for Health Care Providers
Nutrition in Advanced Liver Disease - Cirrhosis
Healthy diet choices are the same in advanced liver disease (ALD) as for early liver disease: View the early liver disease section. When liver disease progresses, lack of appetite, nausea and vomiting can influence eating and result in malnutrition. Poor absorption and increased losses of nutrients also contribute to malnutrition. Protein is not restricted even with ALD but you should not consume protein in large amounts. The liver does not store energy well so eating smaller, more frequent meals (4-5 times per day) may be better tolerated.
ALD causes the kidneys to hold sodium (salt) which then results in your body holding more fluid thus increasing ascites (swollen abdomen) and swelling of the hands, legs and feet. Your provider may ask that you restrict your sodium intake to 2000 mg or less (1 teaspoon of salt contains approximately 2300mg sodium). Sodium in all foods and beverages must be calculated into this amount. Reading sodium content on packaging will be necessary. You should remember that the sodium content on the package is for the serving size indicated on the label, not for the entire amount of the package. If you have chronic kidney disease, salt substitutes should be avoided because they are high in potassium.
Your provider will tell you if or when you need to restrict your fluid intake. If fluid is restricted it usually is 1500-2000 ml per day. A good way to track your fluid intake for a day is to fill a pitcher with the amount of water as your daily restriction. Every time you drink a beverage discard the same amount of fluid from the pitcher. Individuals are often prescribed diuretics (water pills) at this stage of liver disease so you may feel thirsty. If you are on a fluid restriction, there are tricks to relieve the thirsty feeling. Sugar-free frozen pops, sugar-free sour candy, sugar-free gelatin, sucking on lemon or lime slices and eating ice cold fruit and vegetables will help relieve thirst. Frozen grapes are a good option. Fluid from the sugar-free frozen pops and gelatin must be included in the daily allowance of fluid intake, as will the fluid in juicy fruit like watermelon. Refer to the BEVERAGE section in the early liver disease section for more guidance.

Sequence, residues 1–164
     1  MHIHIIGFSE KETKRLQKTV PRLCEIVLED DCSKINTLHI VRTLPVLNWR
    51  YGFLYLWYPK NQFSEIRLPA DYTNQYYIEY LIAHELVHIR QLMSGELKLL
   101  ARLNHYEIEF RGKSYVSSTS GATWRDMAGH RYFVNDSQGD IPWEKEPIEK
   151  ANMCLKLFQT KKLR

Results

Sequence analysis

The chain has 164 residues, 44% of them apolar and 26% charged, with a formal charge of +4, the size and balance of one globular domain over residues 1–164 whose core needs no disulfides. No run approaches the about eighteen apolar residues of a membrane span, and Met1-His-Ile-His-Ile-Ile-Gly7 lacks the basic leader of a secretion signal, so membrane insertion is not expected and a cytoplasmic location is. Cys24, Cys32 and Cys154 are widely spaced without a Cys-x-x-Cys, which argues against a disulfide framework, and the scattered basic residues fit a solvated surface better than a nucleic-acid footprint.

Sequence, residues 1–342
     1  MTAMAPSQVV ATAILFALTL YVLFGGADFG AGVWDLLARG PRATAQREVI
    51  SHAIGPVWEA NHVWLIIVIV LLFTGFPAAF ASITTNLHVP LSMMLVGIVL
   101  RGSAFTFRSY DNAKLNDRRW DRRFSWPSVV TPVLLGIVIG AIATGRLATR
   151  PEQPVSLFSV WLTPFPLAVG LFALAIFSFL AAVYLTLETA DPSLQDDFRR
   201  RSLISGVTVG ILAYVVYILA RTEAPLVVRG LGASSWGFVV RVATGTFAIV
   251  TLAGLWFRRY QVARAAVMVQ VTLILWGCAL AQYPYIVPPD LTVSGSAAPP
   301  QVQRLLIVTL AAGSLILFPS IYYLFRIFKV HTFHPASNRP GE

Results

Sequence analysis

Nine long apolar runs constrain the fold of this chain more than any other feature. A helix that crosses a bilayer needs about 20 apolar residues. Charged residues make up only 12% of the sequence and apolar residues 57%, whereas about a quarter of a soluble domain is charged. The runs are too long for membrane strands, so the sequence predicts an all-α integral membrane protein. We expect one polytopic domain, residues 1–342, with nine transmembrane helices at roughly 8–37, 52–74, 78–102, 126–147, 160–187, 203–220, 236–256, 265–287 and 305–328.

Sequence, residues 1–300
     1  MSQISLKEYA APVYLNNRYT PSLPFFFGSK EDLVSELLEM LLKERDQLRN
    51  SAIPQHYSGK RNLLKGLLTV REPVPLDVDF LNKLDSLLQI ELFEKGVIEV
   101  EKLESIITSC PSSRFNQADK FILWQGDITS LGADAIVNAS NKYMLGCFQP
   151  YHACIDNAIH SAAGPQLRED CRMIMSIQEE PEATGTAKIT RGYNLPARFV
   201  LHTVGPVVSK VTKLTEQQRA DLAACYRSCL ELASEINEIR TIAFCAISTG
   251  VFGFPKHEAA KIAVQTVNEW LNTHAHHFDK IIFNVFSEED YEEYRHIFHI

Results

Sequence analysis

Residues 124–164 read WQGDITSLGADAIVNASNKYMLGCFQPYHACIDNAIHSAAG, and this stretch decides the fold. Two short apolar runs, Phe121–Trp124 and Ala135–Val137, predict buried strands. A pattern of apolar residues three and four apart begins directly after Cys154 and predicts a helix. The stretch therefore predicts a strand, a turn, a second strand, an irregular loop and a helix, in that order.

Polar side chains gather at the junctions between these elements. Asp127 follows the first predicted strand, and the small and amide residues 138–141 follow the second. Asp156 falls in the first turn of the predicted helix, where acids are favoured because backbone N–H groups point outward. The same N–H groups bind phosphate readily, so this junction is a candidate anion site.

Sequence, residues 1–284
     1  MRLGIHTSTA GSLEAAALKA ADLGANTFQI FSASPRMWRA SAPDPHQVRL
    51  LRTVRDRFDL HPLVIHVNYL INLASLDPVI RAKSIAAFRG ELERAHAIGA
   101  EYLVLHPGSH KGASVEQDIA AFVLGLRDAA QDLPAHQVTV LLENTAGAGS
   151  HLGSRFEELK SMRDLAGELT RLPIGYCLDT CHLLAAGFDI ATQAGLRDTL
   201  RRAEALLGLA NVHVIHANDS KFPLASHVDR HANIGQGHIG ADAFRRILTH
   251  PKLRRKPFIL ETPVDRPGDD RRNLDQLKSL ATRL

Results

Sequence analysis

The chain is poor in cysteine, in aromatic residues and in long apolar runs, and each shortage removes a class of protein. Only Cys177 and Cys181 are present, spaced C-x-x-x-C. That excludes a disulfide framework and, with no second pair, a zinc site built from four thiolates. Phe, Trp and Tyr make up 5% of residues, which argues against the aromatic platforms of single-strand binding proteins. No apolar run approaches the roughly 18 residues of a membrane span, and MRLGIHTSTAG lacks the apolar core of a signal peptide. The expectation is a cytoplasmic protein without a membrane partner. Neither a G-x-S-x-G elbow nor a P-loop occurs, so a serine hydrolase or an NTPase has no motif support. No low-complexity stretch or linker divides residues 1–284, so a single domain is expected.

Nutrition supplements are recommended at the discretion of your provider. If your appetite will allow, a snack before bedtime is beneficial to maintain proper metabolism.
Vitamins and Minerals
As in early liver disease, Vitamin B1 and vitamin B2, which are included in most multivitamins, may be taken. Vitamin A may be taken, however, there is a fine line between not enough and too much. An excess amount of vitamin A can injure your already sick liver. Vitamin C supplement may be taken unless you have hemochromatosis. If you have jaundice (yellow skin and eyes), you may not only be low in fat soluble vitamins A and E but also vitamins D and K and may need special replacement.
Fatigue, muscle weakness and twitches and cramps of your arms, hands and feet may indicate magnesium deficiency in ALD. Your provider may order a blood test to determine magnesium level and, if low, a supplement will be ordered. ALD may also cause a zinc deficiency. Signs of a zinc deficiency include decreased appetite, decreased ability to fight infection, diarrhea and hair loss. A zinc supplement may be ordered by your provider. Muscle cramps can also be relieved with drinking either regular or diet tonic water because of the quinine content. It is important not to drink more than 4 ounces per day because of the high sodium content.
If you have Wilson's Disease, foods high in copper need to be eliminated from the diet. These foods include organ meats, shellfish, chocolate, nuts, mushrooms, kale, asparagus, parsley, potatoes with skin (both white and sweet), lima beans, soybean sprouts and spinach.
If you have Hemochromatosis, iron supplements, multivitamins with iron and Vitamin C supplements should be avoided.